UPI is a significant innovation in digital payments by NPCI. The UPI mission statement of democratizing digital payments and its focus on being a platform lifts the spirits of the digital payments ecosystem of India. Having seen UPI in its earliest form and launched as a payment method in PayU’s PSP stack, I have seen UPI struggle to match the approval rates of cards and net banking.
If UPI has to succeed as a trusted digital payment method, it will have to match the debit card approval rates, which typically range between 70-75% as an industry average. Let us look at some of the challenges in UPI and how to resolve them.
An asynchronous payment method leads to cart abandonment
A typical checkout experience in India expects the following user interactions:
- Select a stored card, enter card details or select a Netbanking option
- Get redirected to the bank’s ACS or Netbanking portal
- Complete 2FA or a similar authentication
All these steps happens in the same web-browser or mobile-app without user having to switch context. This is where the first challenge in UPI sets in. UPI is designed to work as an asynchronous payment method. The payment, in the case of mobile apps, can only be completed on the customer’s bank app. [There is an alternate flow for the web, which leverages MPIN-based hosted by NPCI. In the interest of mobile payments, the dominant transaction source in India, let’s however focus on app-based flow which is designed as an asynchronous payment method.]
A merchant enabling UPI as a payment method sends a payment request to the customer’s VPA (Virtual Payment Address). The customer receives a request on her bank’s mobile app and makes the payment through the mobile app. Upon success of this transaction, which the merchant identifies by polling a web service, the customer’s order is placed successful. Imagine this on a mobile phone where you have to switch apps for making a payment, and add to this the network chattiness we so often experience. This payment experience is going to face lot of drops.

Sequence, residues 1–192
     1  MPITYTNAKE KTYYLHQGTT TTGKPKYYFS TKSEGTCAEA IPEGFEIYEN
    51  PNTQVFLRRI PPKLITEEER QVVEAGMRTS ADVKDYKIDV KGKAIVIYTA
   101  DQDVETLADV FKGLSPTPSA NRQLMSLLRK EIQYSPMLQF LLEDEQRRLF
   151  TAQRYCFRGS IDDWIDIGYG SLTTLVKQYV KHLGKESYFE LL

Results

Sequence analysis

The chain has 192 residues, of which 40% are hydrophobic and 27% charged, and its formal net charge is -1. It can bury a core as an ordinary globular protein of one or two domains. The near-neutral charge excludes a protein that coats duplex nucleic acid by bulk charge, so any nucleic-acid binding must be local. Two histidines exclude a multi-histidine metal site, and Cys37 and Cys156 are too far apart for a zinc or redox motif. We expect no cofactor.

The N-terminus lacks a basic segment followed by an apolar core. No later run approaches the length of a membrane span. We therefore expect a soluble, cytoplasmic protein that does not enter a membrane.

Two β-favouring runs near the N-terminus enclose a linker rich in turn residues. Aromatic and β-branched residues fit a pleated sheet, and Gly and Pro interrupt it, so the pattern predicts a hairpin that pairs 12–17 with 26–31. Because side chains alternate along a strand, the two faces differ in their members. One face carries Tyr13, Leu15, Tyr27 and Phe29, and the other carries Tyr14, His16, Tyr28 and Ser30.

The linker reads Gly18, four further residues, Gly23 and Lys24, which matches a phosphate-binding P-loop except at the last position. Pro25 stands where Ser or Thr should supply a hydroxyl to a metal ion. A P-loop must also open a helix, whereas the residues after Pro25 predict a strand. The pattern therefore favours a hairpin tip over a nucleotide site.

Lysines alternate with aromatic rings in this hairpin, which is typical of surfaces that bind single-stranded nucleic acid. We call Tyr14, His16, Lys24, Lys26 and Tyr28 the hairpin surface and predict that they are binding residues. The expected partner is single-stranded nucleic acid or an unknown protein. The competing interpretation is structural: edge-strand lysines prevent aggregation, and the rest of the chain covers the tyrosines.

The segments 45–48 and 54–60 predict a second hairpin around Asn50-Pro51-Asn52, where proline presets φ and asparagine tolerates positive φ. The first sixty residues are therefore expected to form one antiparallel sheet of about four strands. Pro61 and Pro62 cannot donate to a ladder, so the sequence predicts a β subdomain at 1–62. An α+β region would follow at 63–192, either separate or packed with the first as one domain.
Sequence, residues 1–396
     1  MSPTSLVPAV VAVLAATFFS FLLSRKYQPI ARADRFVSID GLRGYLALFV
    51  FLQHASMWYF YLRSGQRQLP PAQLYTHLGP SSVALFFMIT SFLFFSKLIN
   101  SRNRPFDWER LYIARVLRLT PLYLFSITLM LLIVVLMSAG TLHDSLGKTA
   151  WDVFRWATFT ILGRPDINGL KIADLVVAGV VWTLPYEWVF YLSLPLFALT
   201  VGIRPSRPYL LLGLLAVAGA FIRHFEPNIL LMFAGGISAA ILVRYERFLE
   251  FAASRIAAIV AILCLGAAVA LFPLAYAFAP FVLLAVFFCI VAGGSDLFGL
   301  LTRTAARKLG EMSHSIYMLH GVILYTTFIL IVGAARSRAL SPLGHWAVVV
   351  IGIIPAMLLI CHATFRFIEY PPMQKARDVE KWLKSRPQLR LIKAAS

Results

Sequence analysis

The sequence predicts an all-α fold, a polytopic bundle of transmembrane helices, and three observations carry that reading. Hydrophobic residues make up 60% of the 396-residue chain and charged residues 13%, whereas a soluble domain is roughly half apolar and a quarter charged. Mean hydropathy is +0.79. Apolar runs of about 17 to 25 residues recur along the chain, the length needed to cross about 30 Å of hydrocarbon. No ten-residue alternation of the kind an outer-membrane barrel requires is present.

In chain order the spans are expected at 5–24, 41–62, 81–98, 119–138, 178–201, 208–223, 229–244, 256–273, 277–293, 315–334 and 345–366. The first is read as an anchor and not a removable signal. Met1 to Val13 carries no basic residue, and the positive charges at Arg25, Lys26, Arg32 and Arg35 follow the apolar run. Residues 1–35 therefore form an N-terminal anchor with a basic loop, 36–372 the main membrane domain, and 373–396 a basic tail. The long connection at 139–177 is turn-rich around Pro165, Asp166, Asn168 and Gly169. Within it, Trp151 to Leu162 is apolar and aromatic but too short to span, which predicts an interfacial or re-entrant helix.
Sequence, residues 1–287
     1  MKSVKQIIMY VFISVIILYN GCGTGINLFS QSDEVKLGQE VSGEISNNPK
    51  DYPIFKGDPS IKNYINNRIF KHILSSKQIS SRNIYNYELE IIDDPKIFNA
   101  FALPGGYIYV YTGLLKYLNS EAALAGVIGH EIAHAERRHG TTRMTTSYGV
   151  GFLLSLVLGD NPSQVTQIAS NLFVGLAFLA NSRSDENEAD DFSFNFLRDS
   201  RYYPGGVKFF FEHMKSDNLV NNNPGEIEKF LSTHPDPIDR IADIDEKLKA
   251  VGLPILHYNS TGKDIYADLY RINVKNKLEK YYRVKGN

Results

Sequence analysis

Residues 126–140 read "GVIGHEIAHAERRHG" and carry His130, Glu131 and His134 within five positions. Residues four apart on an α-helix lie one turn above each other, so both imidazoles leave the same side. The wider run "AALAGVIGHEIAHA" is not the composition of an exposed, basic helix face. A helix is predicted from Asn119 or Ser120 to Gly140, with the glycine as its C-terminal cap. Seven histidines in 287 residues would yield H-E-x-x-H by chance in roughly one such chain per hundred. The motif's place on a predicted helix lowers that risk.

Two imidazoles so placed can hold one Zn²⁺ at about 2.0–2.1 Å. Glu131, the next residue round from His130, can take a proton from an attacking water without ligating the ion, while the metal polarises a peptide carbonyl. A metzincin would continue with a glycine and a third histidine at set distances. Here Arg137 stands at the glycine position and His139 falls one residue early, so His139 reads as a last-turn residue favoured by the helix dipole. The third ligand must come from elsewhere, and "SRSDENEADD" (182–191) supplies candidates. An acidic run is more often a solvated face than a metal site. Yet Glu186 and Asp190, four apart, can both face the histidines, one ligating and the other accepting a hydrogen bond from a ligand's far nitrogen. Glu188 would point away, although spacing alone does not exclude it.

Payment experience and inter-operability
In order to enable UPI on their mobile apps, merchants (or their PSPs) need to integrate a UPI mobile SDK that is provided by their partner bank. The bank’s SDK can natively launch its own bank’s app when a UPI payment is triggered. However in cases when the customer has a VPA of a different bank, it communicates with NPCI making the customer wait for a notification – often the customer has to switch the app manually!
UPI’s mission is to make payments (and not just funds transfer) inter-operable. The architecture is design around a four-party model (Sender and her bank, Receiver and her bank). While this is operationally active, it is time it is enable in the payment experience. It should not matter whether the merchant’s and the customer’s banks are the same. The merchant UPI SDK should always trigger the UPI:// deep-link that will launch the customer’s bank app irrespective of whether the SDK bank is same or not. This makes the payment experience consistent and truly inter-operable across banks.
SMS vs Push notifications
In addition to the design limitation in the payment flow, UPI relies on push notifications instead of SMS. Push notifications can be delayed and often unreliable for eCommerce payments that can have payment expiry constraints – imagine trying to book a ticket using a payment method that relies on push notification. You are highly likely to miss that favorite seat of yours!
Instead sending a SMS with a deep-link (upi:// ??) supported by the banks works most effectively. Since P2P use-cases do not need the SMS reliability, the cost of SMS-based notification can be passed to merchants or aggregators who wish to use this instead of an in-app notification.
I hope our friends at NPCI are listening and as they have done for RuPay, will rise to turn around UPI into an established digital payment method.